Key Ingredients for a Zero-Waste Kitchen

Pastured eggs from my CSA

To reduce kitchen waste—and to save time and money—I improvise when I cook rather than strictly follow recipes. If you follow recipes for a different dish every night, in no time, ingredients you bought specifically for those dishes but didn’t use entirely—plus leftovers—will overrun your kitchen. You and your family can eat only so much!

Master some basic cooking techniques, such as making soup, and you won’t need recipes because you’ll know what to do with what you have. You may soon realize you don’t need to buy nearly as much food as you had thought. Having said that, do know that I don’t stock my entire list in my kitchen at once. For example, the produce we eat varies by season however, I always have onions, carrots and celery on hand.

With my plastic-free and zero-waste ingredients (all of which are organic), I can cook an endless variety of meals without generating waste. I am lucky to live within biking distance of three stores with decent bulk bins. On Sundays, Vlad goes to San Francisco and drives right past bulk heaven, aka Rainbow Coop, so I often go with him and shop there. At Rainbow, I can buy not only the usual bulk dry goods but also bulk wet goods such as coconut oil, olive oil, olives, honey, peanut butter and so forth. I buy bulk items in glass jars, metal containers and cloth produce bags.

2015-02-15 market and store
Farmer’s market produce; CSA eggs; and milk, meat and bulk flours from the grocery store
Farmer’s Market Produce

Onions (yellow, white and red); carrots; celery; radishes; cabbage (purple and green); shallots; leeks; cauliflower; broccoli; green beans; zucchini; squash; potatoes; beets; turnips; parsnips; salad leaves; sweet peppers; hot peppers; eggplant; mushrooms; tomatoes.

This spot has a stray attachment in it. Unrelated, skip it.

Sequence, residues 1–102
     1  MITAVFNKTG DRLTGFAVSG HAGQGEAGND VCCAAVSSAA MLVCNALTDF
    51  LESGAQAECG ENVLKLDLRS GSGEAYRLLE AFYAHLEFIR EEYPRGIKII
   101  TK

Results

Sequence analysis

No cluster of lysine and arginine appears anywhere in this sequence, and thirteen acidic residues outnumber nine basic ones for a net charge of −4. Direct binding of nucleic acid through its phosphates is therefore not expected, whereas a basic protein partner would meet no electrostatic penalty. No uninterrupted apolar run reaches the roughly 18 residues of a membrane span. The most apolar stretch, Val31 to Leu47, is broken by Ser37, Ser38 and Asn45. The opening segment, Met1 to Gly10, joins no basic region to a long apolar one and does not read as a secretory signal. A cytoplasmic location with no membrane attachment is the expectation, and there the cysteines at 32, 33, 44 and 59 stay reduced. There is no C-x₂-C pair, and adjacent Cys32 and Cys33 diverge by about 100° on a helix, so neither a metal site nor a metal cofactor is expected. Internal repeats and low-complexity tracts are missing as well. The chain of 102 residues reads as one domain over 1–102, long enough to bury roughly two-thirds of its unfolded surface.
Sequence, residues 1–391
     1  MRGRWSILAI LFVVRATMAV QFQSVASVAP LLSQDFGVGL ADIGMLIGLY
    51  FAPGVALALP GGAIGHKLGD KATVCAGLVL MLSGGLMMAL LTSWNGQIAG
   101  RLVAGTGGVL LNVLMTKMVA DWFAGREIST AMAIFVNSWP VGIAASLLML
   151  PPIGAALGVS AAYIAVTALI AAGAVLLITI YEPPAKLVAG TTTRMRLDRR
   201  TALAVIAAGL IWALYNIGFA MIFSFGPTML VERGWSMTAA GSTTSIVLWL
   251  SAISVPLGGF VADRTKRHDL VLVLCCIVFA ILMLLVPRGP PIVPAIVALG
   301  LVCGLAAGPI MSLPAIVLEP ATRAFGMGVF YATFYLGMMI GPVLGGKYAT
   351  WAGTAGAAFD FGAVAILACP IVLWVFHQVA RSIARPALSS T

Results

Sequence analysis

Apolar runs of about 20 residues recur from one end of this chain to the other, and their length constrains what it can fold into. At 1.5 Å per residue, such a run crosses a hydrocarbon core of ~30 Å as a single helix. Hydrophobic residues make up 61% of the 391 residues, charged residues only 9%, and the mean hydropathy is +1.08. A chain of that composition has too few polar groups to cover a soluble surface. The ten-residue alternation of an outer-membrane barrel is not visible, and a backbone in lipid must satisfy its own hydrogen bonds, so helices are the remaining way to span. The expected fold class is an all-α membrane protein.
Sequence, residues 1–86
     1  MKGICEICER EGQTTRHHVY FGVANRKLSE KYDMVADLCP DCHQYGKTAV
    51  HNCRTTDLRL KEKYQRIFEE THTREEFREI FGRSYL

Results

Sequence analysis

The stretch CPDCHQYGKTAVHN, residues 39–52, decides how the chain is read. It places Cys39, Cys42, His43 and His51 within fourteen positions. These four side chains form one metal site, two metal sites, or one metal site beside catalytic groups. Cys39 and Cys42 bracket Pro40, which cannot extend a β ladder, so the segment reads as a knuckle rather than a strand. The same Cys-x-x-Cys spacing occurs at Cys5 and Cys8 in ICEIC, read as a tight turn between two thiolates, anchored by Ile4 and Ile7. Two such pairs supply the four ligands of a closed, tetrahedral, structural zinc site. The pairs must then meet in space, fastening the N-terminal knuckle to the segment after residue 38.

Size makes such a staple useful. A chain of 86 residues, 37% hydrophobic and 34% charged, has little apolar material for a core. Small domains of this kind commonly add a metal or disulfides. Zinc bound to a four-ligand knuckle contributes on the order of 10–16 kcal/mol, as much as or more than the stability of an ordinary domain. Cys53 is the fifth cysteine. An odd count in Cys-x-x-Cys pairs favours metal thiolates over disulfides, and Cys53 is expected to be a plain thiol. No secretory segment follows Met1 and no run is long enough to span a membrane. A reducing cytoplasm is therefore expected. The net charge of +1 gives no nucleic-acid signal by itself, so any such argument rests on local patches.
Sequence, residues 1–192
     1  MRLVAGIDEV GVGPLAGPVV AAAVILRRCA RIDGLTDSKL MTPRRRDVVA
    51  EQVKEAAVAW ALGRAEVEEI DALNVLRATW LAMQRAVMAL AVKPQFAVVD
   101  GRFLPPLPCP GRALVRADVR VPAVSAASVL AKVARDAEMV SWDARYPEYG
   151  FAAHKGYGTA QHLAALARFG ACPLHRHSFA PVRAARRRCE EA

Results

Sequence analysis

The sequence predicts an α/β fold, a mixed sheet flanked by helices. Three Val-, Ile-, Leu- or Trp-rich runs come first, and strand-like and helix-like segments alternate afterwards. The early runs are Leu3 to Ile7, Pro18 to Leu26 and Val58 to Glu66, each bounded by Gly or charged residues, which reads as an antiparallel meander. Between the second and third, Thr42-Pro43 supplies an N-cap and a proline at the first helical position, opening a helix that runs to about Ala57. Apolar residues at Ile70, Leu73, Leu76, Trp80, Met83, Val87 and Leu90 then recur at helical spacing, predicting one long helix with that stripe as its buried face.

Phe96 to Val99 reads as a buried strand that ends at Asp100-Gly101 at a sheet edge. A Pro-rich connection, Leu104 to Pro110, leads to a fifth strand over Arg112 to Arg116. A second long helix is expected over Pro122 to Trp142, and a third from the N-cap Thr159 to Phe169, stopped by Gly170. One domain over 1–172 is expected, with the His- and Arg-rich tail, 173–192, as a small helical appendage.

Apples; oranges; lemons; limes; pears; grapes; peaches; plums; strawberries; raspberries; blueberries; watermelon; cantaloupe; honeydew melon; figs; pomegranates.

Fresh herbs

Garlic; ginger; parsley, cilantro; rosemary; basil; thyme; dill; chives; sage.

Dairy and Eggs

Non-homogenized whole milk; raw milk; half and half; heavy cream; yogurt; unsalted butter; salted butter; pastured eggs.

Fish and Seafood*

Salmon; tilapia; swordfish; shrimp; mussels; scallops.

Meat and Chicken*

Grass-fed ground beef; grass-fed stewing beef; chicken thighs; ground chicken; chicken sausage; pancetta; proscuitto.


Olive oil; coconut oil; olives; pickles; capers; soy sauce; raw honey; sea salt; Himalayan salt; tomato paste; tahini paste; peanut butter; anchovies; vinegar (scrap and kombucha); molasses; maple syrup.

Tea and Spices

Black tea; oolong tea; Earl Grey tea; herbal tea; bay leaves; black peppercorns; ginger; cloves; allspice; cardamom pods; whole nutmeg; cinnamon (ground and sticks); oregano; rosemary; dill seeds; mustard seeds; cayenne pepper; crushed red chiles; coriander (ground and seeds); turmeric; cumin (ground and seeds); fennel seeds; fenugreek seeds; amchoor powder; garam masala; paprika; saffron.

I simply CANNOT find amchoor powder in bulk or in a glass jar 🙁
Nuts and Seeds

Walnuts; almonds; hazelnuts; pecans; pine nuts; pistachios; sunflower seeds; pumpkin seeds; poppy seeds; chia seeds; hemp seeds.

Dried Fruit

Golden raisins; Thompson raisins; figs; dates, apricots.


Black beans; white beans; fava beans; pinto beans; chickpeas; barlotti beans; butter beans; lentils (red, yellow and green).

beans and lentils
Beans and lentils in glass jars and cloth bags

Orecchitte; spaghetti; macaroni; fettucine.

Rice and grains

Basmati rice (white and brown); arborio rice; sushi rice; steel-cut oats; rolled oats; couscous; quinoa; teff; wheat berries; sorghum; bulgur wheat; barley; millet; polenta; buckwheat; flaxseed; popcorn.

Baking Supplies

Whole wheat flour; whole wheat bread flour; white flour; white bread flour; rye flour; spelt flour; pastry flour; corn meal; masa flour; semolina; cane sugar; sucanat; coconut sugar; confectioners’ sugar; light brown sugar; cocoa powder; chocolate chips and morsels; flaked coconut; baking soda; baking powder; cream of tartar; cornstarch; citric acid; vanilla beans; vanilla.

While I do make a lot of staples myself—lard, sour cream, chai, ketchup and so on—I may have forgotten to include a few things here. What did I miss? What can you not live without in your pantry?